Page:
Now you know what TMNF-TAS is capable of doing for the users (Players) but you might also be interested in how it’s done under the hood.
- The main component, that orchestrates everything, is TAS-Backend. It’s written in Python and is the communication hub and central brain of the application. It also exposes an REST-like API through CherryPy and deliveres the compiled Angular TAS-Frontend over the same channel.
- Than there is the TMNF-Dedicated Server (called TMNFD from now on). It’s the official challenge server by NADEO. TAS-Backend communicates with TMNFD over it’s RPC connection to control the behavior. Mainly I just build a bit of framework around the Dedicated Server and called the whole compontent TMNFD.
- One part of this framework is TMNFD-CLI with it the admin can alter some settings. But it’s main purpose is to give TAS-Backend the option to do some shortcuts it wouldn’t be able by it’s own.
- TAS got it’s own CLI here the focus is the admin. TAS-CLI is capable to configure a variety of options and aspects of TAS on-the-fly. The design is that an admin would never need to touch TAS-Backend but instead would use TAS-CLI for this purpose.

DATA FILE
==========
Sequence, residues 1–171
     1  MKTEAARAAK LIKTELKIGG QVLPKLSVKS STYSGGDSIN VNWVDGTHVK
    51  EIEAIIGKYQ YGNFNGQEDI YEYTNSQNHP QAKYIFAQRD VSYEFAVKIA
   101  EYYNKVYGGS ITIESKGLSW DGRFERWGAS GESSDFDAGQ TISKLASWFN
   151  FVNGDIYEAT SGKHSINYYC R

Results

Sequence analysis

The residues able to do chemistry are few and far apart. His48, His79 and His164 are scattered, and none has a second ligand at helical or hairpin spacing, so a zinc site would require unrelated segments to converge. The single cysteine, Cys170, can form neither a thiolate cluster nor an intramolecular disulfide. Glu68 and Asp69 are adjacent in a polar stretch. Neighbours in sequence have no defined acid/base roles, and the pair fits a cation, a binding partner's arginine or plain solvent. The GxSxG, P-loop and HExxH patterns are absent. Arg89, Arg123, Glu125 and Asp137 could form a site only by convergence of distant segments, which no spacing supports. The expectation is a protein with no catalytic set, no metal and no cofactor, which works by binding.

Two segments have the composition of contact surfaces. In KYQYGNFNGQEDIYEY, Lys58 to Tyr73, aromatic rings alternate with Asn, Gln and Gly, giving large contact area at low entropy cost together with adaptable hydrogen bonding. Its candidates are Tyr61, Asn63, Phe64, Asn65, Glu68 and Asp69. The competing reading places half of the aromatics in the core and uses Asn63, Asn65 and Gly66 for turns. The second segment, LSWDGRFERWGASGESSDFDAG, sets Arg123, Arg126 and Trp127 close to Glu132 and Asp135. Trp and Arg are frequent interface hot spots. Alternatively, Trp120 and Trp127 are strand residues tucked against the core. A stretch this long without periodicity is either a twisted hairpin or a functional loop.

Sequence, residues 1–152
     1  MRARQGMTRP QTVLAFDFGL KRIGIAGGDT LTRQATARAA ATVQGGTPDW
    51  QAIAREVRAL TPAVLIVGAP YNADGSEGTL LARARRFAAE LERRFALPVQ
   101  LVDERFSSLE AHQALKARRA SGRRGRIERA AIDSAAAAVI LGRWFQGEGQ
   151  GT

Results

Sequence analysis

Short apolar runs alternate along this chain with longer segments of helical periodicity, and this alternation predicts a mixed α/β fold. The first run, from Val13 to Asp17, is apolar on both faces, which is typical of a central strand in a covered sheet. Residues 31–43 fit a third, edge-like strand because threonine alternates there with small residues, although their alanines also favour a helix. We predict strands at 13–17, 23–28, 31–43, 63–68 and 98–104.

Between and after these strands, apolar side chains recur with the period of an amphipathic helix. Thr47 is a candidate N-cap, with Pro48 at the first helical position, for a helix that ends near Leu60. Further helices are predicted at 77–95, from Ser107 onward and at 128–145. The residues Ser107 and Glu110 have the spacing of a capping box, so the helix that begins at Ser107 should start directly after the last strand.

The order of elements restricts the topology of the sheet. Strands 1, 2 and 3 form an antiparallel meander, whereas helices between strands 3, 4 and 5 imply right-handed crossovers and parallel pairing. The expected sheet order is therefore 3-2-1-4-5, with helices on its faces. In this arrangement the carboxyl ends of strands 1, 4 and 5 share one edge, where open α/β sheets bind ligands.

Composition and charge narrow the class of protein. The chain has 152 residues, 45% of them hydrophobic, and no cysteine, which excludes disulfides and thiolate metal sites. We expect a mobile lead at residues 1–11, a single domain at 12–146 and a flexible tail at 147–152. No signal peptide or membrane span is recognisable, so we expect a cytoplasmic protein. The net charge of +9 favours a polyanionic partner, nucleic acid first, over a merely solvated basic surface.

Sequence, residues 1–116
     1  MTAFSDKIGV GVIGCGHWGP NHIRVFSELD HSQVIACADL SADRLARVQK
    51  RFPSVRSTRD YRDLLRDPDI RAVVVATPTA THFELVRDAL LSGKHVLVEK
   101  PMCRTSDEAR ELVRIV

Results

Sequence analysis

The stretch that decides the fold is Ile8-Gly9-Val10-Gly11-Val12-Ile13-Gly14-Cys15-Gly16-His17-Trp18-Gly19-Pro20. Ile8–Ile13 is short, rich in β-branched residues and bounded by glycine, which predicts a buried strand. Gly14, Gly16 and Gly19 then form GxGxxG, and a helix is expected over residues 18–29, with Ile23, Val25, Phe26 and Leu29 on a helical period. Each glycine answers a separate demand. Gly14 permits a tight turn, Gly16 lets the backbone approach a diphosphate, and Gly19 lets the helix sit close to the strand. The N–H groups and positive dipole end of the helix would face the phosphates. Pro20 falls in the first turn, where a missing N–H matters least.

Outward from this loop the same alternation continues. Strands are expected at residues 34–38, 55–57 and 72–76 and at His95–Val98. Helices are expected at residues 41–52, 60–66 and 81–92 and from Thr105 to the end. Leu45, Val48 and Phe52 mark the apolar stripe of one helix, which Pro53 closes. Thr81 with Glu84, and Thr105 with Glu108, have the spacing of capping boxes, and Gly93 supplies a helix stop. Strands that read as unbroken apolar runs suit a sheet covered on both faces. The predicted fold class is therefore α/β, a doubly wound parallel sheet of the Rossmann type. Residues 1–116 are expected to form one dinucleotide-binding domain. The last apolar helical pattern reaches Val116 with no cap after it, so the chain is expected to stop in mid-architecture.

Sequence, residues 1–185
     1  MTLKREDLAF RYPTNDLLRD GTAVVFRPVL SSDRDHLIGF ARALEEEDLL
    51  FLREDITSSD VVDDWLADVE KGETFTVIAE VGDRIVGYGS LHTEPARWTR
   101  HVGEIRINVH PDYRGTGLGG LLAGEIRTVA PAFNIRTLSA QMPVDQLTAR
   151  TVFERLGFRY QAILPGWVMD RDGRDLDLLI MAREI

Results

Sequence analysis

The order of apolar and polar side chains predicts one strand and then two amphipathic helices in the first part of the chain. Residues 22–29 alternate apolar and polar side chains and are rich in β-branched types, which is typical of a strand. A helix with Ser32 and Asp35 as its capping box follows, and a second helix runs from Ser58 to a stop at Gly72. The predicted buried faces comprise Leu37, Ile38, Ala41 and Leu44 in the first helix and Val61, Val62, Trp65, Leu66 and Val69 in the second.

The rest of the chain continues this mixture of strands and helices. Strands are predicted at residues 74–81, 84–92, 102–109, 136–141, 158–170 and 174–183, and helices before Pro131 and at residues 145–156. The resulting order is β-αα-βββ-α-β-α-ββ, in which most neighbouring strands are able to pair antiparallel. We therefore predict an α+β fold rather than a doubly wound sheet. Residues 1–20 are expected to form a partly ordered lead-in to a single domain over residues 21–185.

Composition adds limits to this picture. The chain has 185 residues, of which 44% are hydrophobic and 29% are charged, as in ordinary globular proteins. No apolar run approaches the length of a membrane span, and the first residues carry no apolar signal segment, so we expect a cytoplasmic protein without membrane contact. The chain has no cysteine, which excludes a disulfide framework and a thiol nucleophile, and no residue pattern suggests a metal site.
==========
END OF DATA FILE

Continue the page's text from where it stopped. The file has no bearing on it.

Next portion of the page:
- Then there are the two storage services in form of MongoDB and S3 (MinIO in by default). MongoDB holds everything, configuration and recorded Players data, except binary objects for those S3 is used. Currently this binarys are generated Thumbnails, Challenge Gbx and Player Replays.
- I’m also including a (optional) setup for a HAproxy Chache. During installation it is possible to choose this to be configured. If so, all traffic from TAS-Backend (and -Frontend) is relayed by HAproxy which is setup with it’s caching features to minimize the computing load on TAS-Backend and MongoDB.
- And finally you have the option to enable Prometheus exporters for monitoring on all installed components of the TAS-Stack (TAS-Stack describes all components forming the final application/service, or in other words all the earlier named components). The installer includes an option to enable all those exporters, but you have to set up your own Prometheus server (and maybe Grafana) to make use of them.
And now, because a picture says more than 1000 words, here you have a drawing of TAS-Stack’s architecture: